The Beatrice Bloomingdale Steinhaus ’33, P’60, P’65, GP’87, GP’91/Gertrude Rosenhirsch Zisson’30, P’61, P’63, GP’91 grants support undergraduate and graduate student research at the Pembroke Center for Teaching and Research on Women. Student research may be on any topic related to the work of the Pembroke Center, with preference given to research on women's education, health, community activism, philanthropy, and economic status, and women's rights and well-being in the United States and in developing countries around the world.
Undergraduate students are invited to apply for grants up to $1,000. Graduate students may apply for grants up to a maximum of $2,000. Application materials include:
- a three- to five-page description of your research project
- a letter of support from faculty advisor
- amount requested and plan for allocated grant funds
The Steinhaus/Zisson Fund was provided by Nancy Steinhaus Zisson ’65, P’91 and William Zisson ’63, P’91 in memory of their mothers, Beatrice Bloomingdale Steinhaus ’33, P’60, P’65, GP’87, GP’91 and Gertrude Rosenhirsch Zisson ’30, P’61, P’63, GP’91, and the life changing education that they received at Pembroke College in Brown University. It was established in recognition of their family members who are alumnae and alumni of Brown University, including Margaret Steinhaus Sheppe ’60, P’87, Harry R. Zisson ’61, William Zisson ’63, P’91, Nancy Steinhaus Zisson ’65, P’91, Laura Sheppe Miller ’87, Michael B. Miller ’87, Alex Zisson ’91, and Emma Miller ’16. These two women inspired a love of learning in their children and grandchildren, and a strong belief that education and self-improvement are important aspects of personal growth that do not stop with the end of formal schooling. They believed profoundly in women's rights and affordable education as a means to achieving these goals.
Graduate Student, Department of American Studies
"Constructing Willpower: The Origins of the Marshmallow Experiment"
Jenny Dolan’s dissertation is a cultural history of willpower. Her project tracks the changing meanings and uses of willpower throughout the twentieth century U.S. and explores willpower’s relationship to gender, race, and middle-class formation. In the chapter “Constructing Willpower: The Origins of the Marshmallow Experiment,” Dolan asks: how did willpower become a scientific fact? Psychologists agree that the most famous willpower experiment—the marshmallow experiment conducted at Stanford University by Walter Mischel and his colleagues—inaugurated the modern study of self-control. Mischel, however, conducted his first willpower experiments on Black and East Indian children in Trinidad during the 1950s, so Trinidad ought to be considered the birthplace of scientific willpower. Analyzing the experimental protocols that enabled willpower to emerge as an object of empirical knowledge, Dolan argues that Mischel did not discover in Trinidad a universal feature of human cognition called willpower. Rather, willpower was crafted by and through empire and the unequal power relations of colonialism.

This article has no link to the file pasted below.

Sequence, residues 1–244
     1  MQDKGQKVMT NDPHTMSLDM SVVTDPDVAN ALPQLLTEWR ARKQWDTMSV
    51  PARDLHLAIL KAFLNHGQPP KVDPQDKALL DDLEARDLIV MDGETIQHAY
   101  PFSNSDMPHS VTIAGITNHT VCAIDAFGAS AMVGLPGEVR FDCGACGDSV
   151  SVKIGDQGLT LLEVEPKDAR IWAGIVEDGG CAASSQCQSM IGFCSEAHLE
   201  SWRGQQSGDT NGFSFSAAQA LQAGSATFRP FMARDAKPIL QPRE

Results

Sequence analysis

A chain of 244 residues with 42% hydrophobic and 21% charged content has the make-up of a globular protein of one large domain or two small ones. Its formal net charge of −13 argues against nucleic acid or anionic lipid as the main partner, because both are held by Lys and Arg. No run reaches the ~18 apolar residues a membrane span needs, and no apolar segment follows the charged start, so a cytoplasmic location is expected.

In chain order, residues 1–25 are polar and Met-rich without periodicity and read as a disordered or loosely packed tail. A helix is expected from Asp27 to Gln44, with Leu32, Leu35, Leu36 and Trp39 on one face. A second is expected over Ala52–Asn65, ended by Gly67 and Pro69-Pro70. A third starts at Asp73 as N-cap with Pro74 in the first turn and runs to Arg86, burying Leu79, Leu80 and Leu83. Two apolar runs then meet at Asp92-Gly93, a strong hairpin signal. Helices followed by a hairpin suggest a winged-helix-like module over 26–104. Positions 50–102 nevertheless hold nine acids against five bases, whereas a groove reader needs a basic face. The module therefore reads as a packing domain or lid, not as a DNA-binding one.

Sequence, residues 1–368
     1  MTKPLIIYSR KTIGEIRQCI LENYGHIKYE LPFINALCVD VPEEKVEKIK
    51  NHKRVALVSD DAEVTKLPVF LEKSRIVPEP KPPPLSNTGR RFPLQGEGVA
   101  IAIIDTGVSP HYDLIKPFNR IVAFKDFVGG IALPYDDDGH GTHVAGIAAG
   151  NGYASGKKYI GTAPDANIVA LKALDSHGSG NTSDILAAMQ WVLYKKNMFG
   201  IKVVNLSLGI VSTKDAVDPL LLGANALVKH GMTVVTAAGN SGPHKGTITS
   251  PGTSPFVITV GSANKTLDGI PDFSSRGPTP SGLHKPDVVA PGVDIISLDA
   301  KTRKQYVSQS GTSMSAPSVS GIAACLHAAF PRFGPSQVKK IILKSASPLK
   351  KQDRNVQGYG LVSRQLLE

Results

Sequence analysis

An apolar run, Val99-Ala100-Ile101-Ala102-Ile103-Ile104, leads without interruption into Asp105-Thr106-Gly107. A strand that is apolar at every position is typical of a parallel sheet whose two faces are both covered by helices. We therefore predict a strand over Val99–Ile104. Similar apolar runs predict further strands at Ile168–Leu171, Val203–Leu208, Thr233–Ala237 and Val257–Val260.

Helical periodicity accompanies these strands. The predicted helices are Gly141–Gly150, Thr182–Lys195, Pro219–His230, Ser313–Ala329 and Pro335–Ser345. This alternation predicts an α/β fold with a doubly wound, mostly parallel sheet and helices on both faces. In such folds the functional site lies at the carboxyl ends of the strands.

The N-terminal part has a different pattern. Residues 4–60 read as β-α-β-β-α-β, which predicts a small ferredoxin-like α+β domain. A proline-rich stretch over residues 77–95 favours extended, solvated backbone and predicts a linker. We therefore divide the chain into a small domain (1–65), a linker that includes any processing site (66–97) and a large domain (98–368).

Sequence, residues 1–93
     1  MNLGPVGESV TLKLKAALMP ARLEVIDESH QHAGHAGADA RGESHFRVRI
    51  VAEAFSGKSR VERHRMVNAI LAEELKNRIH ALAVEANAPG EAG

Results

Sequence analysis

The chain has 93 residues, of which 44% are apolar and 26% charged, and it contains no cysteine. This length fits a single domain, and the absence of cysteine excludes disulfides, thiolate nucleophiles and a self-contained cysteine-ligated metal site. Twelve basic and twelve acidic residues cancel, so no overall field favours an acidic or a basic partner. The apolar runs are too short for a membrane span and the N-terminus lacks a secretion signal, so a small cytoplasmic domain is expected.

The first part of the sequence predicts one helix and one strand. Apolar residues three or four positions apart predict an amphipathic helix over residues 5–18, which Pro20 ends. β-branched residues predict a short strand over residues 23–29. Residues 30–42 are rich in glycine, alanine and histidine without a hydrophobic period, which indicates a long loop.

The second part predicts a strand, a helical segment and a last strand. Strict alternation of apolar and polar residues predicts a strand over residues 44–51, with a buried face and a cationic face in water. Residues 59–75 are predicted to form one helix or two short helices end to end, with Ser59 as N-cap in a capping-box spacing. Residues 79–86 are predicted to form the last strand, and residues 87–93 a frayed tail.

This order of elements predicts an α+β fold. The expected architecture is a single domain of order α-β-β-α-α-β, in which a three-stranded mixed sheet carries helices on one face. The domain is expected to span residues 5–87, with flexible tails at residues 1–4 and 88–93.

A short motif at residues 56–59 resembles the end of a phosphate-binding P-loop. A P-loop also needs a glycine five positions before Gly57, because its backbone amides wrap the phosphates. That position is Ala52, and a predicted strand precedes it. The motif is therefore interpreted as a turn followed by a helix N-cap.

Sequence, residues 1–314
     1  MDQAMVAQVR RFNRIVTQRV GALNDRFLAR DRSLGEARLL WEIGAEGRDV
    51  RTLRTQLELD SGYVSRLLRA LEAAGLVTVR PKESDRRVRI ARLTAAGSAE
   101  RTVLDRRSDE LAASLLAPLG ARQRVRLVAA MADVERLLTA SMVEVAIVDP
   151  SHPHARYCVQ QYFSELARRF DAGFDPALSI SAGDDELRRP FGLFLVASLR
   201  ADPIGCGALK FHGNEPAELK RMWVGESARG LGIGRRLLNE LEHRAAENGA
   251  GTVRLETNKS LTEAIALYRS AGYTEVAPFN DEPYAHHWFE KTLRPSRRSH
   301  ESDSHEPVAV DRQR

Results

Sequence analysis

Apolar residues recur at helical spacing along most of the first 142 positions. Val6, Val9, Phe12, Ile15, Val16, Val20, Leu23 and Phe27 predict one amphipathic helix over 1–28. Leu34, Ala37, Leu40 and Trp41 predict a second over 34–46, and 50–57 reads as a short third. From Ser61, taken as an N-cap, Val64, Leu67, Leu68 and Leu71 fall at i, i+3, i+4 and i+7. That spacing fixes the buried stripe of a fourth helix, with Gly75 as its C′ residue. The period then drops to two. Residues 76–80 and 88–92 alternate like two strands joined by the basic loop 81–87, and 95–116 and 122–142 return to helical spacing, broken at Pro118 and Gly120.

Graduate Student, Department of Anthropology
"Gendered Mobilities: Faith, Belonging and Spatial Geographies of Returnee Women in Accra"
Debbie Frempong’s project looks at returnee women’s modes of belonging through their reintegration experiences in Accra, Ghana, connecting questions about transnationalism, belonging, gendered subjectivities and Christianity. It asks: what do returnee women’s experiences reveal about gender, religion, and belonging in contemporary Ghana? And what is the significance of widely circulating discourses and representations that situate returnee women as figures of modernity? Consequently, it explores how the gendered politics of reintegration produces and mediates ideas of modernity and (post) colonial subjectivities. In doing so, it offers alternative ways to conceptualize the relationship between religion and belonging, looking at how social rupture, continuity and de-territorialism offers various opportunities for local and global forms of practice that coalesce, oppose or exist alongside each other. This project adds to these conceptualizations by highlighting the ways in which Accra’s religious landscape and returnee women’s cosmopolitan feminisms collide. By exploring these questions through the lens of belonging, it endeavors to show how returnee women create new communities and spatial geographies of care.